Several nights ago I was watching Dinner For Five and the guests were Roger Corman (who has helped film 360 of the crappiest films committed to celluiod) Bruce “Don’t Call Me Ash” Campbell, Rob Zombie, and of course Jon Favreau. Through the course of the discussion Bruce and Roger began talking about how the movie industry has changed. They noted how in previous years movies were marketed according to region, and they were not released nationwide. If your movie bombed in New York you could rethink your marketing plan, take the movie to Dallas and try again, thereby insuring that you would at least make your money back.
Anyone who follows movies knows that now days if the movie doesn’t kick ass at the box office on it’s opening weekend it is considered a flop.
I’m wondering how much impact the internet is having for the directors who are clever enough to use it. David Duchovny, who has written, directed, and is starring in the new film House of D, has started a blog to promote his movie. Kevin Smith has done the same thing with his site News Askew, with a great deal of success.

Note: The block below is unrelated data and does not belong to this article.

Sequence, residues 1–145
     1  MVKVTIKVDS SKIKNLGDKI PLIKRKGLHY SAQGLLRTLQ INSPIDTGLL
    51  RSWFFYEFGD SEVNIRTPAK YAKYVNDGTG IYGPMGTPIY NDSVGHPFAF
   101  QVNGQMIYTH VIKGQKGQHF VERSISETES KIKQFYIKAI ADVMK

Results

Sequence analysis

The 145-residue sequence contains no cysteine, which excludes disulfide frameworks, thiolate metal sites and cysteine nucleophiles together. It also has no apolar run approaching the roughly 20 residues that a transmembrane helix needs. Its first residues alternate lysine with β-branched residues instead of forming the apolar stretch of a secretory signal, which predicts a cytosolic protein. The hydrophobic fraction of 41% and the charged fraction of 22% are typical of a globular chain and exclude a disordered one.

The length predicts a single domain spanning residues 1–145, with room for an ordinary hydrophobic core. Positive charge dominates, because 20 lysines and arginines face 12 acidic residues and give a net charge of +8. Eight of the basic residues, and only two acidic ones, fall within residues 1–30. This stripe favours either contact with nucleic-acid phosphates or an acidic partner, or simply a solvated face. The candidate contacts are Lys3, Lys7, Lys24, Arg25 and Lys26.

There are so many ways the internet allows people to side-step societal, political, and economic norms that I’m curious if this is another avenue, marketing I mean, that will have to be rethought. If so, it will mean that successful directors will almost be forced to enter into a much more intimate relationship with the intended audience. Then, maybe, audiences won’t have to sit through shit like Wild Wild West and wonder what waterhead thought it was a good idea to include a really big spider.